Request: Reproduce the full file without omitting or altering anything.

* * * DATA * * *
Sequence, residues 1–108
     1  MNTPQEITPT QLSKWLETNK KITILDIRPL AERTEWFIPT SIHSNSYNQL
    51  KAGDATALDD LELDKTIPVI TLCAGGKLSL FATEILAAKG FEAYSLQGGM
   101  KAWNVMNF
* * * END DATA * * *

Sequence, residues 1–108
     1  MNTPQEITPT QLSKWLETNK KITILDIRPL AERTEWFIPT SIHSNSYNQL
    51  KAGDATALDD LELDKTIPVI TLCAGGKLSL FATEILAAKG FEAYSLQGGM
   101  KAWNVMNF